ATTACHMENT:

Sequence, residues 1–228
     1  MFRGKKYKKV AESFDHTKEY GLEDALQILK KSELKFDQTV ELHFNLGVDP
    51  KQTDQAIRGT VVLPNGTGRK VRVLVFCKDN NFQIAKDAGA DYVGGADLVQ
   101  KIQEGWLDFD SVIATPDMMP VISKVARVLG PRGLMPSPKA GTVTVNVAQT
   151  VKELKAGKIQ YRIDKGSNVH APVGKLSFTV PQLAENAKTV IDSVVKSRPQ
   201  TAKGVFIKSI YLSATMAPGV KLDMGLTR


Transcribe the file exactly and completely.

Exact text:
Sequence, residues 1–228
     1  MFRGKKYKKV AESFDHTKEY GLEDALQILK KSELKFDQTV ELHFNLGVDP
    51  KQTDQAIRGT VVLPNGTGRK VRVLVFCKDN NFQIAKDAGA DYVGGADLVQ
   101  KIQEGWLDFD SVIATPDMMP VISKVARVLG PRGLMPSPKA GTVTVNVAQT
   151  VKELKAGKIQ YRIDKGSNVH APVGKLSFTV PQLAENAKTV IDSVVKSRPQ
   201  TAKGVFIKSI YLSATMAPGV KLDMGLTR